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Old 05-23-2009, 01:41 PM   #232
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Re: Ask a probabilist

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So on the basis of what we do know and understand, what is the probability that there are deep mathematical reasons for these two seemingly different tests to really be the exact same thing? In other words, the conditional correlation of these two tests, given AdS/CFT, needs to be part of the prior probabilities. Once it is specified, probability theory will weight them appropriately. They need not be independent, and they need not be the exact same thing. There is a whole continuum of possibilities in between.
This is valid. I really see no way to evaluate this distribution though. Maybe the situation is more like this. Lets say somebody wrote down the quadratic formula but couldn't derive it and for the next ten years quite a few people worked out examples and nobody ever found one were it failed. So when estimating the chances that the formula is true, the key question isn't whether our tests are independent but whether or not they sort of span the space of all possible equations. These questions are related but I think the latter is closer to the actual situation. Personally all I would be willing to say about this without an actual proof is that it is above 99% but the general uncertainty of there being these situations that nobody has thought of is to high to start talking about decimal places. Of course even if we all missed some situations and it is not always correct, it is still worth studying if it is almost correct for a variety of situations.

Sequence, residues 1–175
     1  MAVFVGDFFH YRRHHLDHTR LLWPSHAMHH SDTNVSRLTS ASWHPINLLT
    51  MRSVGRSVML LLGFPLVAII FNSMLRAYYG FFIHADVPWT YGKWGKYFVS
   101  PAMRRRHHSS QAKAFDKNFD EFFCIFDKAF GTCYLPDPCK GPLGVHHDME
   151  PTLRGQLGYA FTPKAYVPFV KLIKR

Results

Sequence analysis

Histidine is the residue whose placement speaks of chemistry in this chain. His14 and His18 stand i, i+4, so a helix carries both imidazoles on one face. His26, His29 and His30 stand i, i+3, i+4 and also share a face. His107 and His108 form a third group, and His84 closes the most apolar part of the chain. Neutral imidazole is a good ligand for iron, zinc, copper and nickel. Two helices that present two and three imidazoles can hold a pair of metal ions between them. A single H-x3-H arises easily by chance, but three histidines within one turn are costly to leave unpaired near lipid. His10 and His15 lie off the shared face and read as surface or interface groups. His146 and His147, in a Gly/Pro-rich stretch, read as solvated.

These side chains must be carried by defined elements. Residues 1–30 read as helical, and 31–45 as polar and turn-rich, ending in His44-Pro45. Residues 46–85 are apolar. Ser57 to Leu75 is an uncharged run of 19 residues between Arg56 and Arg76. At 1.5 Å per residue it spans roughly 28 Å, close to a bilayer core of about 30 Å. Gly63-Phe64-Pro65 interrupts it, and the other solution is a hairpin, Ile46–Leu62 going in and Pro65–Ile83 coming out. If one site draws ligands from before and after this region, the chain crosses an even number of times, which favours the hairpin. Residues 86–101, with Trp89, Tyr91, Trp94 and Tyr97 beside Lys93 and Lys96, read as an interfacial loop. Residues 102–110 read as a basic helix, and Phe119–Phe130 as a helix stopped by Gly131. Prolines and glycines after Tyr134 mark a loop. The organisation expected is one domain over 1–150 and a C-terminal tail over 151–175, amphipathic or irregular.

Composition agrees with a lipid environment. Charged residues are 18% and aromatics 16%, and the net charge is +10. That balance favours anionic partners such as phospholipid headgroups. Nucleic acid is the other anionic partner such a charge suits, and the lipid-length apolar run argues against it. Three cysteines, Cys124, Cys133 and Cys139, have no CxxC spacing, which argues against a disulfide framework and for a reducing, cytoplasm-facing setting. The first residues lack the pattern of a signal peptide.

Quote:
Incidentally, it is more than a little strange to wait until this deep into the analysis to raise the issue of objectivity. By his own admission, Berenstein's most primitive probability assignments are subjective in nature. If Lubos wants to argue that there is no objective way to decide something, he could have argued that from the beginning, in a much simpler setting. On the other hand, if Lubos grants Berenstein the right to assign subjective probabilities for his analysis, then Berenstein may also assign a probability describing the correlation between these two tests.
Yeah, good point. If you are ok with what David did from the start then he could add conditional probabilities for pretty much anything that could arrise.
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Old 05-25-2009, 05:02 AM   #233
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Re: Ask a probabilist